Saturday, July 18, 2015


Now this my friends, this is a film noir.

While I was on vacation, my buddy Kelly Greene and I watched THE LIMPING MAN (1953), a British film noir that was on a film noir double feature DVD I've had on my shelf for several years. I reviewed LIMPING here a while back and both Kelly and I found it to be disappointing thanks to its' "it-was-all-a-dream" ending. The other day, I sat down and watched the other film on the DVD, THE SCAR (1948). I loved it!

THE SCAR is the British title of an American film noir entitled HOLLOW TRIUMPH. It was distributed by Eagle-Lion films and looks to have been made on a low budget. Lead actor Paul (CASABLANCA) Henreid also served as producer of the film and he made a wise decision to hire ace cinematographer John Alton to shoot the film. Alton was a master of light and shadows and even though the transfer I watched wasn't of the highest quality, Alton's expressive chiaroscuro work still stands out and adds a great deal to this story of implacable doom.

Henried stars as John Muller, a convict paroled from prison at the beginning of the film. The warden sets him with a job on the outside, hoping he'll go straight. But Muller quickly falls back in with his old gang led by running buddy Marcy (Herbert Rudley). Muller plots a casino heist that goes bad leaving his fellow crooks dead and himself on the run.

In the kind of coincidence that can only be found in pulp fiction, Muller discovers that he's a dead ringer for Dr. Bartok, a noted psychoanalyst. Muller makes time with Evelyn, the doctor's secretary (played by the oh-so-gorgeous genre icon Joan Bennett). Muller decides to kill the doctor and take his place using his knowledge of psychiatry to get by in his role playing. Trouble is, Bartok has a vivid scar on his face which forces Muller to give himself an identical scar. But because of a flipped photographic negative, Muller scars the wrong side of his face.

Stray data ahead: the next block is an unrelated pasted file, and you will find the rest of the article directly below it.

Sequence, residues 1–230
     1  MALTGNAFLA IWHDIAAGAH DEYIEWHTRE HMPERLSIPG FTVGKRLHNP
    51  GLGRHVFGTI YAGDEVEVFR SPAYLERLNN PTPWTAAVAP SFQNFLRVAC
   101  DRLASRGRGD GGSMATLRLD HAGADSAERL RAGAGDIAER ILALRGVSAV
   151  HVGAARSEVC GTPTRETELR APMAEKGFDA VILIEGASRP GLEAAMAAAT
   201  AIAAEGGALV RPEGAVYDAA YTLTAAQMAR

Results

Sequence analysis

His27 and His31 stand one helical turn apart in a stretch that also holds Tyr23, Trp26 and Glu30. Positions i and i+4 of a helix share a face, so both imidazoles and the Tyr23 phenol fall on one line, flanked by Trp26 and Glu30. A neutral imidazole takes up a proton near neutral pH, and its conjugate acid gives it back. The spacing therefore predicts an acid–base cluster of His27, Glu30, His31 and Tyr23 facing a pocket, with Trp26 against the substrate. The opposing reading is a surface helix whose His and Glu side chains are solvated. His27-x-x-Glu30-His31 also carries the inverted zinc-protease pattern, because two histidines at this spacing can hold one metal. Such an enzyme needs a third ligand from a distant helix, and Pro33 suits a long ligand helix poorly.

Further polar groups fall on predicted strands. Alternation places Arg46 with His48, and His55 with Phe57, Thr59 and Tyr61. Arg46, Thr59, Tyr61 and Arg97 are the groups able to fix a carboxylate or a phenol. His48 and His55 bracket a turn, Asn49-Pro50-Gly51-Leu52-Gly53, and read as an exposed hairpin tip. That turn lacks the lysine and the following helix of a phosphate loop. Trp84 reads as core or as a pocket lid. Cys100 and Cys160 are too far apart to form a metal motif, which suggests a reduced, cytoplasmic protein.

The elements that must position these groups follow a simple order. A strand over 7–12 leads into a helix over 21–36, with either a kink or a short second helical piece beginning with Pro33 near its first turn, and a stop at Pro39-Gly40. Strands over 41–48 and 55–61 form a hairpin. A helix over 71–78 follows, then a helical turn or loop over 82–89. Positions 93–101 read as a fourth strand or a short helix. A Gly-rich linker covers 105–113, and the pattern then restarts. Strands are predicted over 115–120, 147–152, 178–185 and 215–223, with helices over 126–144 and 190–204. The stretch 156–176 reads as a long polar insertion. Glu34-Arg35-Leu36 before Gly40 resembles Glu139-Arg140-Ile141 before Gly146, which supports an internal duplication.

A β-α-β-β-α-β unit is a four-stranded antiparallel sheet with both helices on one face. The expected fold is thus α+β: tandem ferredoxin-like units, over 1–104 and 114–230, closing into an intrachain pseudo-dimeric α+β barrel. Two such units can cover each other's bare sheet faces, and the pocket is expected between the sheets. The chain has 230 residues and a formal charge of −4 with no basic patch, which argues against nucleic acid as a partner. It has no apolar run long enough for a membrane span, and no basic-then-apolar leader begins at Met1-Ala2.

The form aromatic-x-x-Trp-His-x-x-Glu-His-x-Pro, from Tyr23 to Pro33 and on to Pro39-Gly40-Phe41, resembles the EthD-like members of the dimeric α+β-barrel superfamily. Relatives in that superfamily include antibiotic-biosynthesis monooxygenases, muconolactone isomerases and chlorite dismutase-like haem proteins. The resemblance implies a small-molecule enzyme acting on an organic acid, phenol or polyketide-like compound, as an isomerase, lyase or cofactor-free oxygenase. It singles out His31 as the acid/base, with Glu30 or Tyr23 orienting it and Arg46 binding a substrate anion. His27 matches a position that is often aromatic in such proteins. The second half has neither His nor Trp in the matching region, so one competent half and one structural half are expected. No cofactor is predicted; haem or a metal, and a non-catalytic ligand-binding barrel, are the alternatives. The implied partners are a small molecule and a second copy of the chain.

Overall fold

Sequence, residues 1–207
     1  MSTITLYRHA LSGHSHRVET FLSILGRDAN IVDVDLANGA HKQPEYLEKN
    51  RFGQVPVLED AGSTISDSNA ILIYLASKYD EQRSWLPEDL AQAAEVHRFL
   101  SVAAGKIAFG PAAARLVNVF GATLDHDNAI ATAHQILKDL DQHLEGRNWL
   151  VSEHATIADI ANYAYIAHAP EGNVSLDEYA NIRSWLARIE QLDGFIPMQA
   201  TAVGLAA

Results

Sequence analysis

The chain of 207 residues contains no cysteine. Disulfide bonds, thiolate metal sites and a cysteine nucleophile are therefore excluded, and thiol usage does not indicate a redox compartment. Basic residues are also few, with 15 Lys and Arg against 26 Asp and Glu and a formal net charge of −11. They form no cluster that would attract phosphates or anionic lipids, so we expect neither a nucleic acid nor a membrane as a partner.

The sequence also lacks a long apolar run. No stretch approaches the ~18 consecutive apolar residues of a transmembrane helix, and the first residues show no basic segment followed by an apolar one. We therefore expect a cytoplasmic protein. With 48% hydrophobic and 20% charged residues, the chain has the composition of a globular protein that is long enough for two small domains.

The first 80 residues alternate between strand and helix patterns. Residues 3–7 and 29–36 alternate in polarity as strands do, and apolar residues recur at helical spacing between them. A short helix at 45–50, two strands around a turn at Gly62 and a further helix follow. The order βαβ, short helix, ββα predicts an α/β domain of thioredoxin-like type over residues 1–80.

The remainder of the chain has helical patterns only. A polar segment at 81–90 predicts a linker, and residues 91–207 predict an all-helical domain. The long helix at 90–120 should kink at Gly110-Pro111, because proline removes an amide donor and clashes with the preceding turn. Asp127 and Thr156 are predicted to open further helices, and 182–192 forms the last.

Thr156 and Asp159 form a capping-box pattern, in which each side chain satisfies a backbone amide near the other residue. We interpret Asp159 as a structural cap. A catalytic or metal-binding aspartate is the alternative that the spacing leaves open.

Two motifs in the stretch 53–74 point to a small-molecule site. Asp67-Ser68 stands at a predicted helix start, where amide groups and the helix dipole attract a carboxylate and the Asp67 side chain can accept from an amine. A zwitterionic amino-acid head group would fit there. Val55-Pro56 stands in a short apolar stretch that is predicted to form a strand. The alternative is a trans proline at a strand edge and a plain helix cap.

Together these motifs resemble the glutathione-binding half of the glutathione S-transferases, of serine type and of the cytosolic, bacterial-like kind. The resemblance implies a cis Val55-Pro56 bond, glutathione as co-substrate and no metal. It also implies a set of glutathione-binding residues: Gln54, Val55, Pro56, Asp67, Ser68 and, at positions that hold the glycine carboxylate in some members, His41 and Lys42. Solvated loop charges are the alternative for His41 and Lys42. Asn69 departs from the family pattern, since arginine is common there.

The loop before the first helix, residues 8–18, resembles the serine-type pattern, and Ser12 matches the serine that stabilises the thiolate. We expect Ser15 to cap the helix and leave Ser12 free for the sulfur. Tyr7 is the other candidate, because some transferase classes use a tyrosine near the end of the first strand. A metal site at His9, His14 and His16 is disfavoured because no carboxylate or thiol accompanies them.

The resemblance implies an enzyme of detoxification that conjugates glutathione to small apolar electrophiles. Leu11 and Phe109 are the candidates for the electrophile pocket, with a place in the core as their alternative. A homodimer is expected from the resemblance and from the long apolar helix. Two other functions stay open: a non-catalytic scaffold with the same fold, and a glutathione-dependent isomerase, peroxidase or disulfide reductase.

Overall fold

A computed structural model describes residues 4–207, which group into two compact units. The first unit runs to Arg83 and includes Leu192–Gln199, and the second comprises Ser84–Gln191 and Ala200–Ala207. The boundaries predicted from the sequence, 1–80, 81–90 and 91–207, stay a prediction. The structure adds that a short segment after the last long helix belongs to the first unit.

Sure that his mistake will trip him up, Muller proceeds with his plan. He kills the doctor and takes his place but only Evelyn catches on to the masquerade and covers for him when Muller's brother comes to Dr. Bartok searching for his fugitive brother. He tells Bartok that the man who ran the casino and who has been pursuing Muller has been arrested and Muller is no longer in any danger.

Evelyn decides she's had enough and books passage on a ship bound for Hawaii. Bartok/Muller tells her he'll meet her on board and travel with her after he ties up a few loose ends. When he arrives at the pier, he's met by two gun men from another casino where the real Dr. Bartok had run up a sizable gambling debt which they've come to collect.

Things do not end well.

THE SCAR is a classic example of the film noir trope of one wrong act leading to another and another and another, finally culminating in death. THE SCAR is a one-way, express ticket to hell and it's beautifully made and acted. Sure, it piles coincidence upon coincidence but that just adds to the tightening of the noose around Muller's neck. Henried is quite good in the lead role while Bennett brings her unique combination of beauty and brass to her role. THE SCAR may be a minor film noir but it's a good one. Highly recommended.

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